• By James Fasino

Hunkered Down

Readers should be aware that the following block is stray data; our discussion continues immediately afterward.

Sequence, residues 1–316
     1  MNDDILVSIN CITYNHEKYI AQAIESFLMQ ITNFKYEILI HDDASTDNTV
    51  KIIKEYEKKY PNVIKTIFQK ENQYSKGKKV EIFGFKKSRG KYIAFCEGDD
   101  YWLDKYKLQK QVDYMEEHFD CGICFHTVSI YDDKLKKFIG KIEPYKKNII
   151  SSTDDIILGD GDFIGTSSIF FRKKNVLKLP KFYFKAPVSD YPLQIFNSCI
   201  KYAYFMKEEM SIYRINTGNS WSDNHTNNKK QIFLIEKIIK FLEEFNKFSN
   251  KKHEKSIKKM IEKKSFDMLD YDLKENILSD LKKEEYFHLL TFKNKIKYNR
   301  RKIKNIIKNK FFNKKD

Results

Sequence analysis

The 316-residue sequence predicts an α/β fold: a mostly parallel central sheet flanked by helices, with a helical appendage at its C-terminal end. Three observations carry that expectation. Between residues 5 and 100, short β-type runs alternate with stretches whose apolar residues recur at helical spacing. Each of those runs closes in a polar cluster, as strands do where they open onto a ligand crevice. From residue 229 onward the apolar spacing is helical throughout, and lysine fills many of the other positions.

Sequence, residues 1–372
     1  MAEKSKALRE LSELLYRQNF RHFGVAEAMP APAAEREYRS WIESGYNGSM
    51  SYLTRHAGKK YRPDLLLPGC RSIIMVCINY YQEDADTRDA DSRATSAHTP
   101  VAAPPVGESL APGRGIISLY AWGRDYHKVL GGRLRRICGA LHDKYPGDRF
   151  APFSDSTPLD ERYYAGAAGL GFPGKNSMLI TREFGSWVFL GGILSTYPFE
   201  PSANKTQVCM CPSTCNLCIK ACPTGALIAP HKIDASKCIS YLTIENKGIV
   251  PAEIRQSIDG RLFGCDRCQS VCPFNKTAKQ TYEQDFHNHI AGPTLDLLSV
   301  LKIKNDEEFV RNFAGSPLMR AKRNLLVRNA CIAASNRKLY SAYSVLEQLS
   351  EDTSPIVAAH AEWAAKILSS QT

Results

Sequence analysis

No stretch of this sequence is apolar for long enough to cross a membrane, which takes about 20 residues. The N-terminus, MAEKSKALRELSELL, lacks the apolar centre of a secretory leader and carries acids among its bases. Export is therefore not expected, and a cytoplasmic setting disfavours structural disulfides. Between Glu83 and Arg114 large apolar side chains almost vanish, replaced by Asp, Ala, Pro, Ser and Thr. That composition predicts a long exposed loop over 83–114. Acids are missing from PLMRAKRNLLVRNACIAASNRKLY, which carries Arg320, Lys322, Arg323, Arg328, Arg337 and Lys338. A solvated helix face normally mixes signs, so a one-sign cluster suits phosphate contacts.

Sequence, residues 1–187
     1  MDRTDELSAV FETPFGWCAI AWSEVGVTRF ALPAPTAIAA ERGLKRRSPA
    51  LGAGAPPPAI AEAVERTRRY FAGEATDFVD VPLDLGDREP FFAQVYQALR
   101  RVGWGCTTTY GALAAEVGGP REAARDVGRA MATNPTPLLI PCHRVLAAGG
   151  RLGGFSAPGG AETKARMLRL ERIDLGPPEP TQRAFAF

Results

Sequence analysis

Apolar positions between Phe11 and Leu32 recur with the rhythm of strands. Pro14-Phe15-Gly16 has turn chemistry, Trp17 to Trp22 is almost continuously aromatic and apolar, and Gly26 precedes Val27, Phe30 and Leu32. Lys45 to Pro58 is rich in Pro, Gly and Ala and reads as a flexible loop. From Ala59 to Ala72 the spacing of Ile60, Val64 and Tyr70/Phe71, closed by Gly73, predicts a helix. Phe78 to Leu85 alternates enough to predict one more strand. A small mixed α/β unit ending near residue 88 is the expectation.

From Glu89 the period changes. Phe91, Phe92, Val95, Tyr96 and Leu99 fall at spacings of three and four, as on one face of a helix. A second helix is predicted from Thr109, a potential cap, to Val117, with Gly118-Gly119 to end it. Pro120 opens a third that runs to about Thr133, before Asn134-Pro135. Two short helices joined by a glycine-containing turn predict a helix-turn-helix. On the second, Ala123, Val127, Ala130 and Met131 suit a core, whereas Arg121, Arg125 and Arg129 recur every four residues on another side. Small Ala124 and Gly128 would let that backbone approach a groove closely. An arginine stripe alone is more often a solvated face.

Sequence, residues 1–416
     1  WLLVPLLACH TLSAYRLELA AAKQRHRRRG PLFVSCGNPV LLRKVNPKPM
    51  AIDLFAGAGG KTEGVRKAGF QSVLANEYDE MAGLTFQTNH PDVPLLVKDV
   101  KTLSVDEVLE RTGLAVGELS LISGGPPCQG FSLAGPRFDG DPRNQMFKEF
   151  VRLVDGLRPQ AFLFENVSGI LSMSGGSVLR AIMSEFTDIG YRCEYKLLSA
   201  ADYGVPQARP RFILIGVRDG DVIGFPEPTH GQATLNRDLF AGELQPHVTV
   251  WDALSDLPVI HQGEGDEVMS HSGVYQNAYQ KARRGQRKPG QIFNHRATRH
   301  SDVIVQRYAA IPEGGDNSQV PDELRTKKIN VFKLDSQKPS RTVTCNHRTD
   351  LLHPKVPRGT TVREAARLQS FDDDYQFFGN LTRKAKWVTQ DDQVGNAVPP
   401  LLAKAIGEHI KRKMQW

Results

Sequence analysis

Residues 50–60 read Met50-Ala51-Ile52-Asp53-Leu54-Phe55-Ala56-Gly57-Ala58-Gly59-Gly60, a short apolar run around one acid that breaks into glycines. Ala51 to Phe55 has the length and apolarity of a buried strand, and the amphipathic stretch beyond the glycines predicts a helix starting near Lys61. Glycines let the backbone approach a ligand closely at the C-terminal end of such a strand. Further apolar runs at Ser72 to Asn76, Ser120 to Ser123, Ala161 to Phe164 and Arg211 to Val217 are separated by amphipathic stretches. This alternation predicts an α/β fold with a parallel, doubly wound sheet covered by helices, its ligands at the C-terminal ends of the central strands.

I had relocated in July of 2018 from my home of thirty-one years in NJ to a resort oceanfront condo on the illustrious Myrtle Beach (MB) in South Carolina. Subsequently, having been settled in for barely two months Hurricane Florence reared her ugly head as a Category 4 storm with sustained winds of 130 MPH and inevitably a mandatory evacuation order was declared for Zone “A” along the coastline of the city. So, being a northerner, the situation was foreign to me and so I grappled with the decision as to evacuate or not. My first instinct was to stay, but finding myself virtually alone in an 800-room complex with a monster storm barreling in gave me pause because rescuers would have no obligation to aid me once the wind speeds exceeding 35 MPH. Consequently, the day prior to landfall and at the urging of my sister living in Florida I hastily made travel arrangements to evacuate to Ft, Lauderdale, but at premium expense due to my delayed decision. Then, as it turned out MB was pretty much spared so it was all for naught, I thought. Especially because all the while I was in Florida, I was monitoring the weather reports closely and hoping against hope that the magnificent Myrtle Beach would be spared obliteration. Well, here it is hurricane season 2019 and Dorian has devastated the Bahamas is threatening Florida and is headed my way so I once more find myself under a mandatory evacuation order. But since current weather forecasts advise that the storm has been downgraded from a category 5 to a cat 2 with 55-70 MPH winds, I’ve made the informed decision to hunker down and stay at home for this one. Contributing to my conclusion is that the storm path prohibits me from traveling south, but I could head west and rent a hotel room, however being unfamiliar with the region I might select a flood area owing to the many lakes, rivers and tributaries situated in western South Carolina. And, again I must consider the expense because I will be barred from returning to MB until after the order has been lifted; and that amounted to ten days during Florence. Besides, I’ve been befriended by some of the staff at the resort over the past year and that includes the maintenance manager who will remain on site for the duration of the storm. So, I am not on my own this time. Since I live in a studio condo my only necessary prep work is to bungee cord the deck furniture and my bicycle out on the balcony. I have a battery powered lantern and flashlight in the event of a power outage, however, that’s unlikely because all cabling is subterranean in this area of MB. The hotel structure was built in the early ‘70s and is constructed of steel beams and poured concrete, therefore, its permanency is comparable to a mid-evil fortress, and all the exterior glass was replaced with hurricane resistant panes long ago and it has withstood numerous tropical storms and hurricanes over the years. I walked through the dim and vacant lobby and hallways this morning passing by the unoccupied front desk and closed restaurants and from my balcony later-on I looked out over the uninhabited beach with a closed and people-less swimming pool and hot tubs below. The scene gave the impression of a scene from the movie The Shining provoking me to wonder “where’s Johnny?” It’s Tuesday morning and the sky is overcast blocking out the sun with an intermittent drizzle falling and the wind speed has increased gusting up a sea chop and the conditions have plunged Myrtle Beach into an uncharacteristic dismal state; a sure sign that calamity is in the offing. So, having made the commitment to stay I sit here waiting, watching, and writing. And, now at 5:30P the latest update has hurricane warnings up and predicts conditions steadily worsening towards midnight tonight with the storm currently churning 150 miles offshore of Charleston anticipated to pass off our coast beginning tomorrow morning packing 105 MPH winds with a 5-8’ tidal surge. The police have reported that most people have ignored the evacuation order with only a 15% compliance rate, the majority of stayers citing the difficulty of access into the MB area upon their return after Florence the reason for their obstinacy. Now, at 7:30 pm, the storm is located 220 miles SE of MB with 40-50 MPH wind gusts on shore and the expected track NW towards NC. And, if it doesn’t conform then it could make landfall near MB. Most businesses have been shuttered as well as two of the three local hospital emergency facilities and the city that was teeming with vacationers earlier in the week has quickly morphed into a ghost town. At 10 pm I’m on the balcony observing current conditions. The drizzle has become a steady rain with the winds increased and gusting more heavily now. Also, the surf is up, the waves drubbing the beach. It’ll be unfortunate if we realize any significant erosion as a multimillion-dollar beach replenishment program was completed just this past fall. Also, down the beach south of here the iconic Springmaid Beach Pier is finally being reconstructed after being nearly totally wrecked and closed due to Matthew in 2016. 11 pm, Wednesday, Sept. 4; Dorian has just been upgraded by the National Hurricane Center (NHC) to a Cat 3 with 115 MPH winds due to her passing over the warm Gulf waters but no further change is expected. And, it’s not likely that the eye will cross the SC coast; that’s a relief. If the storm should intensify to a Cat 4 or worse than my backup plan is to jump into my Jeep and head north while risking being stopped by the police. 4:00 am -Thursday, Sept. 5; I was awakened by the clamor of my patio furniture rattling around out on the balcony signaling that conditions have worsened significantly with the winds having increased and there’s a driving rain outside. The “core” is forecasted to have approached the coast of Charleston on Wednesday night into Thursday morning, the Hurricane Center said. Downtown Charleston is currently experiencing flooding and Dorian is expected to run parallel along the coast of the Carolinas into Friday. Any deviation to the west could bring the storm's center onshore, according to the NHC which could be devastating to MB. More than one million people in parts of South and North Carolina are under mandatory evacuation orders said forecasters. And, North Carolina Gov. Roy Cooper urged residents to conform to local official’s instructions. "Don't try to ride it out. It's not worth putting your life at risk or endangering first responders who might have to save you" he said. The storm is churning in the Atlantic Ocean about 105 miles south of Charleston, and is expected at Myrtle at 2 am on Friday, so I have a long way to go before this escapade concludes. But I’m not concerned…yet. The local TV stations report that thunder storms in the area are spurring tornadoes and that a tornado watch has been posted for Horry County where Myrtle Beach is located and various localized tornado warnings are being posted when radar distinguishes ensuing rotations that may form into actual tornadoes. Then, a TV meteorologist analyses each tempest and provides speeds of movement usually at 35-40 MPH and then designates the actual streets where the tornadoes are forming and advise residents to seek their “tornado safe places” away from windows and doors, and at the lowest level of their structure. That kind of specific data hits home that I’m in a potentially serious situation here and arouses me to wonder if tornadoes can form over the ocean as my glass sliders are hurricane resistant but not tornado proof. With that in mind, I returned to bed momentarily but then decided to have my first cup of morning coffee instead. 7:10 am; Friday, Sept. 6: I’m monitoring the situation by clicking through all TV channels and am receiving repeated break-in audio alerts that a tornado watch is in effect in my area; so, that’s a concern right now. Therefore, I’m avoiding the proximity of the sliders; should they give way I do have the entire resort interior available for me to retreat to, if I get early enough warning. 9:30 am; I had my Jeep parked on high ground out front under the hotel marquee but I questioned if the rag-top will withstand the 130 MPH wind gusts being predicted now. So, I moved it into the parking garage and that gave me an opportunity to witness the outdoor conditions while walking back through the pedestrian tunnel over S. Ocean Boulevard. The conditions continue to worsen and there’s a steady blow with stronger wind gusts than before accompanied by torrential wind driven rain. And I continue to receive tornado warnings both on TV and over my cell phone. It’s being reported that many cones have been touching down all morning causing substantial damage. But, thankfully, no injuries thus far. 2:30 pm; The eyewall of the storm is located about 40 miles off the coast and south of MB now with the closest approach to be at 8P tonight, but the storm has shifted to a north, northeast track. That is fortunate since the strongest winds encircle the eyewall at 100 mph. But, the constant changes to its proposed track are becoming confusing so I question if they know where the heck it’s going to go. The Waccamaw River is expected to reach major flood stage and crest at 15.5 feet by Saturday morning which is grave news for the Low Country residents but not as bad as after Florence when it crested at over 21 feet above flood stage. I hope they don’t sustain serious damage again as many are still struggling to rebuild. Also, it’s just been reported that flash flood warnings are up and the Marsh-Walk at Murrells Inlet is flooded. Also, that nearby “Goat Island” is underwater, but all the cute little goats were evacuated two days ago, so are safe. 7:00 pm; Friday; remarkably, the winds are diminishing and the worst of Dorian has passed by MB and away from SC towards Cape Hatteras NC with the rain here expected to wind down and end by midnight. Tomorrow’s forecast is for sun with 15 mph winds. I am relieved and very grateful that my treasured Myrtle Beach has once again endured a major gale unscathed. Truth be told, that prospect troubled me more than the incurring damage to my own personal property. After all, it’s just stuff that’s easily replaceable or repaired but it would take years if ever, to bring back to the current condition of the gorgeous beach that’s home to abundant wildlife and the magnificent piers and boardwalk all of which are a beacon to vacationers and locals alike.